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14 Replies to “The Allahu Akbar Reason to Remove the South Carolina Confederate Flag”

    1. Thanks man, it may not be recieved well by all, but it is just where I am at.

  1. Truer words have never been spoken. I was raised in central Louisiana and have never considered myself to be racist but that does not speak to what others think of me. I went to a segregated school but worked and played with black kids the whole time I was growing up, mostly in the summer months. I went into and became a US Marine the summer of 1961, I don’t remember any black men in my platoon in boot camp or the schools that I attended afterward. I don’t remember meeting any black Marines until I arrived at Quantico Marine Base. There I met two black men, both Corporals, who were two of the most squared away Marines I had met since boot camp. They were both from the south and we became instant friends. I served with both these men for 3 years and don’t ever remember the subject of race ever being brought up.

    Semper Fi

  2. You got me up reading at 3 AM so at least I didn’t waste my sleep. I get the reason folks are up in arms about this, And I agree. But only so long as it stops there. I can see some yelling for a law banning the thing all together which would be wrong if only because we let Muslims fly black flags in Michigan which look a lot like Isis flags and we say it’s okay for retards to post selfies of themselves walking on American flags. We are becoming a society which is quick to label anything as offensive. But on the other hand I’m a white dude and you and I share a lot of brothers who happen to have darker skin so if it offends them it offends me. Good article Bro.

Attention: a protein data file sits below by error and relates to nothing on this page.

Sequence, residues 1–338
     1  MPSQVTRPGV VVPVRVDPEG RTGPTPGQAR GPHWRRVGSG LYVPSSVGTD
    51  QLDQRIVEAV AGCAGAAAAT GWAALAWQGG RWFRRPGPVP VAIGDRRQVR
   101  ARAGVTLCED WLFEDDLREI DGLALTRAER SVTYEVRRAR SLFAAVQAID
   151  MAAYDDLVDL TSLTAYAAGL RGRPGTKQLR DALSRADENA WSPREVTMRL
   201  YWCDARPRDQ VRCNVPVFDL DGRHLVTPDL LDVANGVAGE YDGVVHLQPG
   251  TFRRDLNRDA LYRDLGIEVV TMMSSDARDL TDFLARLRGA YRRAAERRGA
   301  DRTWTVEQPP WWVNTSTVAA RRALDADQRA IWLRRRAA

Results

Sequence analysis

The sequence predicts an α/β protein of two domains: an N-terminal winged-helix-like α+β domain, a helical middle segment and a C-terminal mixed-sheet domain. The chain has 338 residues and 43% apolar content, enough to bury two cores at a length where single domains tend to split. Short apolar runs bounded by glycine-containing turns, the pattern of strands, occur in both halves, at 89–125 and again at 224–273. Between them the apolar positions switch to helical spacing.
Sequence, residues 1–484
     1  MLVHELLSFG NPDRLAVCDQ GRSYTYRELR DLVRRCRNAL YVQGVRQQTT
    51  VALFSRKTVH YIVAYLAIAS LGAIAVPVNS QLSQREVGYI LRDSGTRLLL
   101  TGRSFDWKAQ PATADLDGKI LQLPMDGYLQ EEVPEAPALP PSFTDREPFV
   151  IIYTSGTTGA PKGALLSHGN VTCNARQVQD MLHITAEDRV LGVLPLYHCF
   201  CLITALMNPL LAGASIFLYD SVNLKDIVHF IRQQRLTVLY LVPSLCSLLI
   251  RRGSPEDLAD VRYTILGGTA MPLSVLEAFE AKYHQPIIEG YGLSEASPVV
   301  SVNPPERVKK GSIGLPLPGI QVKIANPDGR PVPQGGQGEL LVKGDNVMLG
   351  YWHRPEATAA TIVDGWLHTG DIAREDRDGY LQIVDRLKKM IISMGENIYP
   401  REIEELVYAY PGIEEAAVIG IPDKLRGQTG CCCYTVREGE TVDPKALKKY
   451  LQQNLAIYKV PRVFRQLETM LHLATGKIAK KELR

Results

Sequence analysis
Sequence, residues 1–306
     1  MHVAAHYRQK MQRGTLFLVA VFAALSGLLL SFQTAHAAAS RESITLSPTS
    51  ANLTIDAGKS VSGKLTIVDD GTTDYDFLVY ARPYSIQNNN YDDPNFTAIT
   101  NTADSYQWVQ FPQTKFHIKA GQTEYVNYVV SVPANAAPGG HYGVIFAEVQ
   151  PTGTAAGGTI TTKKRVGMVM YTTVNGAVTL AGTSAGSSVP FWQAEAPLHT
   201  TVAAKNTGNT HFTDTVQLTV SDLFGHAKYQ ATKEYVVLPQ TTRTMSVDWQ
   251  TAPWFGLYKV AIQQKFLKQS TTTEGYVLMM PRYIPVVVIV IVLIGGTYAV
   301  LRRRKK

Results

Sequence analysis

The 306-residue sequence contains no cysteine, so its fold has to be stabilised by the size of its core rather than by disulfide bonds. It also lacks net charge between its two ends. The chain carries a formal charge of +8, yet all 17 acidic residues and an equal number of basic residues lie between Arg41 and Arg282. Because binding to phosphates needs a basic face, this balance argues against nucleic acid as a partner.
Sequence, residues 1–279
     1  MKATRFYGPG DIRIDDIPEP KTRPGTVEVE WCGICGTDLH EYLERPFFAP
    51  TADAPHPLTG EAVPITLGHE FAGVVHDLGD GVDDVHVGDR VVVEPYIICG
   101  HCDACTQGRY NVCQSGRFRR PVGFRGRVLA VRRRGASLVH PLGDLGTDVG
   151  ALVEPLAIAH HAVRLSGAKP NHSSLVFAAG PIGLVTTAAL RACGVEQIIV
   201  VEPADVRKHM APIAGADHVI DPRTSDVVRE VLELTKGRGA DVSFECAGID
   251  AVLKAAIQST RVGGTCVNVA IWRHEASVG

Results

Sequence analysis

1. yeah man. I agree, I don’t want to see it removed from history. However, sometimes you just have to trust your brother and give them a little empathy. I wish I actually had a picture of that grain Silo next to the Fire Station. Would have made for a better pic.

  3. Very well said. I have had some of these same thoughts running through my brain in the past couple of days. I grew up in Mississippi and have been in the Army for 23 years and as white as white can be. I think it is all about the healing process. For states like SC and MS, it is about moving on and progressing as a society. Again, great article.

  4. I’m pretty sure I went through a similar awakening as a young man when I lived among different cultures during my 20 years with the Army and the 60 plus years of my life. I learned that my being “right” by my cultural norms were inadequate, and even wrong to judge some other, perhaps seemingly bizarre issue or topic of a different culture. Simply, I learned judging was wrong, and I learned that actions or issues with which I was comfortable, perhaps I was just complacent.
    As a South Carolina resident, I appreciate the Southern heritage, the flag, the sacrifice so many ancestors made. I also appreciate the history of pain, suffering, intimidation and degradation that lead us to where we are now as a culture. If we truly love our neighbor, we should be sensitive to the buttons that cause his pain.
    I am saddened, embarrassed, even angered by the 9 senseless deaths in Charleston. The young man didn’t kill because of the flag. But one persons heritage is not sufficient reason to cause another’s pain.
    Put that flag in a museum.

    1. Well said man, and I appreciate your view as a South Carolina resident. I also agree the man didn’t kill because of the flag. These two stories have been very intertwined in the media.

  5. Hey devil dog I just have to find this out… I was in al kut in 2003 at Blair field. India company 3/23. Were you a part of this battalion?

    1. 2nd Platoon, Kilo Company 3rd Battalion 23rd Marines! Glad to run in to you brother.